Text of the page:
“If before, we still imagined that we had spaces that were protected from the direct interference of the powers (the body, the unconscious, subjectivity), and we had the illusion of preserving in these areas some independence, today our life appears entirely subsumed within those mechanisms of modulating experience. Thus even sex, language, communication, oneiric life, even faith, none of these still preserve any exteriority in relation to the mechanisms of control and monitoring. To summarize in a sentence: power is not exercised from outside, nor from above, but more as if it were from within, steering our social vitality from head to toe.”
What is especially appealing about Pelbart’s book is the ease with which he transitions from so-called “high theory” to concrete experience. Deleuze and Guattari’s “Body-without-Organs” is fine as a conceptual means of resistance, but how might it be reified and practiced in day-to-day life? Pelbart’s chapter entitled “Inhuman Polyphony in the Theater of Madness” may serve as one reply.
As the book’s literal and intellectual fulcrum, the chapter is the best of both worlds, like having all of the philosophical insights of Deleuze coupled with the clinical praxis of Guattari in a single essay that documents the power of fiction and theater to bring about “a suspension in the automatism of comprehension”. It’s a thrilling chapter about the joyous explorations made possible by art, as well as a blueprint for resistance against the exhausting tyranny of the norm.
“We are the Ueinzz Theater Company, established in São Paulo, Brazil seventeen years ago. Lunatics, therapists, performers, maids, philosophers, ‘normopaths’ — once on stage no one can tell the difference.” If Artaud called for a “theater of cruelty”, Pelbart’s troupe creates schizophrenic situations. Their unpredictable performances deconstruct distinctions between “art” and “audience”. Actors storm off the stage mid-sentence, or enter upon others’ scenes, reinventing the script in front of the audience. As Pelbart puts it: “we witness disconnections that make so-called normality flee, along with its linked automatic reactions; and also the evocation of other possible bonds with the world.”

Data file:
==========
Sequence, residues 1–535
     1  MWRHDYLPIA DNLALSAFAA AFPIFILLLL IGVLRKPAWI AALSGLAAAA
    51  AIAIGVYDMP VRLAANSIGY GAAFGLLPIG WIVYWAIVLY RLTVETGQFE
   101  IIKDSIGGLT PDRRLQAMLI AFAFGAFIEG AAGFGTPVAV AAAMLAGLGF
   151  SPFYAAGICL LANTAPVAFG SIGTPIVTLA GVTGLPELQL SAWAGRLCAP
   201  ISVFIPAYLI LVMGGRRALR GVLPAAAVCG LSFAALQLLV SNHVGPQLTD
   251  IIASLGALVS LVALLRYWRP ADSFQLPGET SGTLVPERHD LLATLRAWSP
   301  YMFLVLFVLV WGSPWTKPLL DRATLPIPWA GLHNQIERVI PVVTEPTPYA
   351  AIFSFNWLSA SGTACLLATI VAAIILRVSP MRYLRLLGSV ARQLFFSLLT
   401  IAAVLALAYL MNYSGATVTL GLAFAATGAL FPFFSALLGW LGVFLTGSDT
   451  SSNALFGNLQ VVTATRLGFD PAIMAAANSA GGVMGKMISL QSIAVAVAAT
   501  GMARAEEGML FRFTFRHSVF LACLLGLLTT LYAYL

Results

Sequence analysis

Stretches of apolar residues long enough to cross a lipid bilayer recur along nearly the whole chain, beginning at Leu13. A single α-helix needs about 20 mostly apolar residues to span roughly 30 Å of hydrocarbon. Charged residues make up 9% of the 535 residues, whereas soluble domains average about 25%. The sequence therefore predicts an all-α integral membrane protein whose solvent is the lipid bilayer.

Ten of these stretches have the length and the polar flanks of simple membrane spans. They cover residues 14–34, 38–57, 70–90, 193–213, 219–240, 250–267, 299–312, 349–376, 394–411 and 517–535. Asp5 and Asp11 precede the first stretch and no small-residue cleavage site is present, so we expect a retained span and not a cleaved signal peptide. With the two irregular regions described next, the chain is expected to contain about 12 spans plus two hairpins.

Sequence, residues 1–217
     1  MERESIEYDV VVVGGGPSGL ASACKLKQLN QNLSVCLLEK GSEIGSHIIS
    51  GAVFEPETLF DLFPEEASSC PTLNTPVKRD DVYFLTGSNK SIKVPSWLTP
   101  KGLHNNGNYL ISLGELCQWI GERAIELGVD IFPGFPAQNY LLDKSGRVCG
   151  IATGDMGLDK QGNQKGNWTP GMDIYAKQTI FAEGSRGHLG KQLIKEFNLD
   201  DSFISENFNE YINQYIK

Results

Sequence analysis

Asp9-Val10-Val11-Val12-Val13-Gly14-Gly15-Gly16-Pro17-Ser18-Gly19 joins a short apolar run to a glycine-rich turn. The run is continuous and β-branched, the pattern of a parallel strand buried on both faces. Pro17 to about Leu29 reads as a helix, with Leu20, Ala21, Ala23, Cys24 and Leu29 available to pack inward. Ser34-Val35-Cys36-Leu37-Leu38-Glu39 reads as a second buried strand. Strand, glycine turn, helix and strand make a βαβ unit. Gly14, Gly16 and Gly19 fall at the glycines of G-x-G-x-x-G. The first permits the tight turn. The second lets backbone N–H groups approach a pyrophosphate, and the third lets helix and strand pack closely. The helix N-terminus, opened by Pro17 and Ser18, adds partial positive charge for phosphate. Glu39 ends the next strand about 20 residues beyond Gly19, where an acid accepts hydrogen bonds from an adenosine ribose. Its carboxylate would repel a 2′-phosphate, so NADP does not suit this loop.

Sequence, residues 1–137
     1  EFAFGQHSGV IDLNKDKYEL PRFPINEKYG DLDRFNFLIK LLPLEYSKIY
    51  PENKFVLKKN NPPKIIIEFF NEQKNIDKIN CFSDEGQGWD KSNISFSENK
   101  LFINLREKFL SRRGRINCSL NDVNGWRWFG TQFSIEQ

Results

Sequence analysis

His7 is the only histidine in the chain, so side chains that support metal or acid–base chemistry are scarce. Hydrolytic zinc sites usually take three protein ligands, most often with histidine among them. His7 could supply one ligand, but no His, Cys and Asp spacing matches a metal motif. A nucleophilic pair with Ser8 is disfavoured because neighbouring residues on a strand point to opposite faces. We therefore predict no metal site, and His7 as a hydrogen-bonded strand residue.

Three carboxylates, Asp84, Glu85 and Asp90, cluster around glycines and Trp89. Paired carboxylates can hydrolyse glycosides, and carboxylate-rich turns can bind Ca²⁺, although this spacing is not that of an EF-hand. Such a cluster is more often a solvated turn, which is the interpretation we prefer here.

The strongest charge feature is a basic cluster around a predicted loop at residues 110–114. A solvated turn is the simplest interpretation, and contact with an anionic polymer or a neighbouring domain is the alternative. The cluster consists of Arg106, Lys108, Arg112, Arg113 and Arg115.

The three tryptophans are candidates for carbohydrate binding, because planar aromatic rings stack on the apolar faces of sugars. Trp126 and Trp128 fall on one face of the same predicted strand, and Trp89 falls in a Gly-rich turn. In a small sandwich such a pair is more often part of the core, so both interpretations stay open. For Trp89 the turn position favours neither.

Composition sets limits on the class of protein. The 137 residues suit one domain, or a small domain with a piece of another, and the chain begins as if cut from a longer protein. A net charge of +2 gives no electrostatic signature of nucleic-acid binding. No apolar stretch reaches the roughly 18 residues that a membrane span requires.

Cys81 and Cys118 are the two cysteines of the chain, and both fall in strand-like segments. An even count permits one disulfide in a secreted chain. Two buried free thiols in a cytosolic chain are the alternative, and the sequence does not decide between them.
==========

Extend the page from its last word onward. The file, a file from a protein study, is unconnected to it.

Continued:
What we need most today are more opportunities like these, experiences that transform us. “Now, this means that thought, without a prior Model of how to think (for example: thinking is to seek the truth), opens up for other adventures (for example: thinking is creating).” However, these new lines of thought are rarely tolerated by society, despite protestations to the contrary. What fuels the Standardized Testing movement in the US and UK if not the desire for control and for the circumscription of knowledge?
Still, if our world is overwhelming, banal, oppressive, it’s also true that it’s socio-historical, which is to say: capable of being changed. “Both nihilism and biopolitics obey the logic of a Moebius strip,” Pelbart claims, and “in a reversibility that is intrinsic to them — under certain conditions, they reveal their opposites… an affirmative element.” When we are utterly exhausted, when nothing is possible, suddenly everything becomes possible. “By whom? Of what? In which direction? We don’t know. It is a collective cartography, unfinished, moving, from the inside out of nihilism…”
Partly an homage to Deleuze and Guattari, partly a personal memoir, Pelbart’s Cartography of Exhaustion is above all a superb introduction to an exhilarating thinker through the lenses of philosophy, madness, art, nihilism and exhaustion. Hopefully this book will pave the way for future translations (John Laudenberger and Felix Rebolledo Palazuelos have done a fine job here) of Pelbart’s works.